# Pipes define a free monad

The core type of the *pipes* library is a free monad. Indeed, `Pipes.Proxy`

is equivalent to `Free (ProxyF _ _ _ _ _)`

, where

```
data Free f a
= Free (f (Free f a))
| Pure a
data ProxyF a' a b' b m x
= Request a' (a -> x)
| Respond b (b' -> x)
| M (m x)
```

That’s nothing ground-breaking if you’re familiar with free monads. In fact, it used to be the literal definition of pipes, using *free* before I even knew Haskell was a thing.

Nevertheless, my previous understanding of *pipes* was mostly based on the interface (which is very nice by the way; the diagrams in `Pipes.Core`

are a pleasure to contemplate), while I needed all my focus to follow the implementation. Hence, in spite of now extensive experience with free monads, it took one more wander in front of the source code of *pipes* for me to have that epiphany.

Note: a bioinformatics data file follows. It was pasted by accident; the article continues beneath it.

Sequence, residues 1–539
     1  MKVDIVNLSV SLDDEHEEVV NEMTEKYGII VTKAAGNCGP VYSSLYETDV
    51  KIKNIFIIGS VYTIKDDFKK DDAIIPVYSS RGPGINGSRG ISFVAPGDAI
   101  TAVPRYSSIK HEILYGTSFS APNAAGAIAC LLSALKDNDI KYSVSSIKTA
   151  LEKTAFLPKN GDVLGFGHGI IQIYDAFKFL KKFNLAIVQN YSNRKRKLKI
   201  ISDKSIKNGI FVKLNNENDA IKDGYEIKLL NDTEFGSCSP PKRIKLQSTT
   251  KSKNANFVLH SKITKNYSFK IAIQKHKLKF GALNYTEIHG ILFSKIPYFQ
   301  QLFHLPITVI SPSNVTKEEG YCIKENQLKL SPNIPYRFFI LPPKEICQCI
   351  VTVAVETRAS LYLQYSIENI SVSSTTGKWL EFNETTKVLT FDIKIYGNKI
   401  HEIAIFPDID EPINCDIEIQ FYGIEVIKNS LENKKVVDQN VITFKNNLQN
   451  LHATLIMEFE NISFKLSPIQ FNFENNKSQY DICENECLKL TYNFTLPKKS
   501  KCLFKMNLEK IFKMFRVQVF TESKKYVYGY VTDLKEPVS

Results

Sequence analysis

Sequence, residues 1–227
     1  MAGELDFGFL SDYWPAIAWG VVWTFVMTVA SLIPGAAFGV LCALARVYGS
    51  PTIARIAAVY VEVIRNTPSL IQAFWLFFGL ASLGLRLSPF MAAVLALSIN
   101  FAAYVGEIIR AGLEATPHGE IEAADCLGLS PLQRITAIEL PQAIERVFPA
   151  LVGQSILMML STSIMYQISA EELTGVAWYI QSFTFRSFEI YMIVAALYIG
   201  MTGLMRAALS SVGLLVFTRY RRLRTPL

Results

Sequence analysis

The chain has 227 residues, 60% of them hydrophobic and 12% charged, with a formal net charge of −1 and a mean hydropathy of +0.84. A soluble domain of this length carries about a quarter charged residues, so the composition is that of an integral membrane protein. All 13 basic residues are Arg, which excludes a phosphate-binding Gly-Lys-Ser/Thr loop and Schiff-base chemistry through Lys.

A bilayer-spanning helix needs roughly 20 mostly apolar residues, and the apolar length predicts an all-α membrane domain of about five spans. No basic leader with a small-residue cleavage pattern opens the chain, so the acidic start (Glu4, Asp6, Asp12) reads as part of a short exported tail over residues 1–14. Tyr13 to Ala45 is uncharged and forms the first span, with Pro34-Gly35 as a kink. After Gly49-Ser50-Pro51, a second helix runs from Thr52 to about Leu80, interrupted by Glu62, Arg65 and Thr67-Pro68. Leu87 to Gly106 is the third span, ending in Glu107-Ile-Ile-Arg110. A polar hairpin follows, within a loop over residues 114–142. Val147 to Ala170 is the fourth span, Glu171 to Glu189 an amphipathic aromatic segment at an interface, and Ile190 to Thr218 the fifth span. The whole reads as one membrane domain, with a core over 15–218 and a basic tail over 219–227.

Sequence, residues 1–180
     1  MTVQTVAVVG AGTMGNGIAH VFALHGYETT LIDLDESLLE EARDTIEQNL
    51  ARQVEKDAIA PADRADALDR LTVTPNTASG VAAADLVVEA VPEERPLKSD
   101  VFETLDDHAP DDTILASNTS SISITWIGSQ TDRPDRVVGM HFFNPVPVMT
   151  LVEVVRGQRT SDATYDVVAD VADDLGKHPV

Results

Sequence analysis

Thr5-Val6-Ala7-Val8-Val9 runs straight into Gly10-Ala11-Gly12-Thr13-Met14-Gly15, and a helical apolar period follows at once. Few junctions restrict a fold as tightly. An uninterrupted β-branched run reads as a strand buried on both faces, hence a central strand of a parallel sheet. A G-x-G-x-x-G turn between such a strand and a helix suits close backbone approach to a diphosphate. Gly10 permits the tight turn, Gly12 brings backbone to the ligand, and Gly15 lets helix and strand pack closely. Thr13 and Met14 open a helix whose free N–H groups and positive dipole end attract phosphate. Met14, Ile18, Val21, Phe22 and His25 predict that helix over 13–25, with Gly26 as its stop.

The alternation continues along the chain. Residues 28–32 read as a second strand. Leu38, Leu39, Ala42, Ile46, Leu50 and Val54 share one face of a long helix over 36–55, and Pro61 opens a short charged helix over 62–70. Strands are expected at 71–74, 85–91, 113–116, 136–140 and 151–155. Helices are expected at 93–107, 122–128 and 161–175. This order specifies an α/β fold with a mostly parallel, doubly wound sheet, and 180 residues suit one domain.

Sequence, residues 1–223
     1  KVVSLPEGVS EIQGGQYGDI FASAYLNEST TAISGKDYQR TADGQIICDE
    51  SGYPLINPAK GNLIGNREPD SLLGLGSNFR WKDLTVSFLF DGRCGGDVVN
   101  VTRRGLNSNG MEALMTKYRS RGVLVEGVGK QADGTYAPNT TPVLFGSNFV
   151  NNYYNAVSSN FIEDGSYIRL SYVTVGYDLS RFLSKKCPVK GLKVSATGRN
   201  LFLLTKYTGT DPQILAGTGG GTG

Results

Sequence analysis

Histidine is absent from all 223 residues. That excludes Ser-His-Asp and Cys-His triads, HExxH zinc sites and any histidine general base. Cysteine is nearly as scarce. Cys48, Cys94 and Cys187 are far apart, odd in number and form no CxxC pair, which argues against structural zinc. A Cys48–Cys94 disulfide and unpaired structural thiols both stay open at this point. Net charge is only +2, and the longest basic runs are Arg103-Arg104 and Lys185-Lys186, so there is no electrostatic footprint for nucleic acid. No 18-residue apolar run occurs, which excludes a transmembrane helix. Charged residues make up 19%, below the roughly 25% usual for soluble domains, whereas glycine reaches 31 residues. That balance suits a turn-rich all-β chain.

A much deeper understanding of the whole business followed immediately. With free monads as a common starting point^{1}, it became much easier to compare *pipes*, *conduit*, and *quiver*: basically, they’re all using free monads for differing I/O-like functors^{2}.

Now it may be just another occasionally useful fun fact, but that one somehow felt like a personal achievement. That realization gave me a strong impression of the power of abstraction.